One phenomena I’ve been thinking and writing about consistently over the last year or so is our society’s increasing acceptance of ill treatment for those we disagree with.
Left wing activists thought it was ok to break windows because Donald Trump got elected. Environmental activists thought it was ok to set construction equipment on fire because they don’t like the Dakota Access Pipeline. This jerk thought it was ok to harrass a pregnant mother, in front of her child, because he doesn’t like Muslims or hijabs or something.
Yesterday news broke that a church building in Nome, North Dakota, owned by notorious, repugnant white supremacist Craig Cobb caught fire. Cobb says it was arson, noting that there was no electricity hooked up to the home, and while that’s possible it’s not a certainty.
We should let the investigation play out before jumping to conclusions.
While we wait, can we at least agree that it’s a little disgusting to be celebrating the fire? Because that’s exactly what’s happening. All over Facebook and Twitter and other places too.
Like this headline from The Root, a blog in the left wing Gawker Media family:
Or this editorial cartoon from the Fargo Forum’s Troy Becker:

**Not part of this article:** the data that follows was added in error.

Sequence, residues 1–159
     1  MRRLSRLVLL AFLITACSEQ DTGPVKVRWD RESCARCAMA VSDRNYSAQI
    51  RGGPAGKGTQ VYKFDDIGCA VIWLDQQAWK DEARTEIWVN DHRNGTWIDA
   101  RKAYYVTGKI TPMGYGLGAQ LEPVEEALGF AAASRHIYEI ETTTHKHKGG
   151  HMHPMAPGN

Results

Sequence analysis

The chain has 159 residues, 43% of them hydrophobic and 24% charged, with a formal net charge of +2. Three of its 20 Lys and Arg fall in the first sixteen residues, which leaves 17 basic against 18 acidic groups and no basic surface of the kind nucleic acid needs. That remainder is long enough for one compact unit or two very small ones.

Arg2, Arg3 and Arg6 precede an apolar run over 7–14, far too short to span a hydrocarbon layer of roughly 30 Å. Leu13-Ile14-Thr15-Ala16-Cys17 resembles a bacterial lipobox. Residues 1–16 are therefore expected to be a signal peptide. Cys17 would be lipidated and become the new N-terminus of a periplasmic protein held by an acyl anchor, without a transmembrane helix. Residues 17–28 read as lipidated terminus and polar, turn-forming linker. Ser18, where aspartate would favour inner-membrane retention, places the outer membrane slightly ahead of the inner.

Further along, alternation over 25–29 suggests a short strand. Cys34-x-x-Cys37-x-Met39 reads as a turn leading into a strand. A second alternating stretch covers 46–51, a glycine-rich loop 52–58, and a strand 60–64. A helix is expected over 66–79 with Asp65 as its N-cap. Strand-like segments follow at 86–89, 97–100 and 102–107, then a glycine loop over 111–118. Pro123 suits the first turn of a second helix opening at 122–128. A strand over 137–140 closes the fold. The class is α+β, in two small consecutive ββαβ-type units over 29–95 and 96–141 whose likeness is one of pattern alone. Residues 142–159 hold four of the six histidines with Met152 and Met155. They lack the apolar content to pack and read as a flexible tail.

At the very least this is an unfortunate situation for Cobb and the community in Nome (I guess the building was something of a landmark). At worst, it was a crime.
Can we maybe not delight in it just because the man whose name is on the title for the property holds some truly obnoxious views about race and society?
The test of a society’s commitment to freedom, be it of speech or conscience of what have you, is how that society treats those with unpopular points of view. We do not have protections like the 1st amendment to make it easy to talk about the weather or sports. We have it to ensure that those who say things which make most of us angry, those who believe things which offend us, are free to do so.
Granted, nobody seems to be calling for Cobb to be arrested because he’s a white supremacist. But it should worry us that so many are cavalier about the very real possibility that a serious crime was committed against him.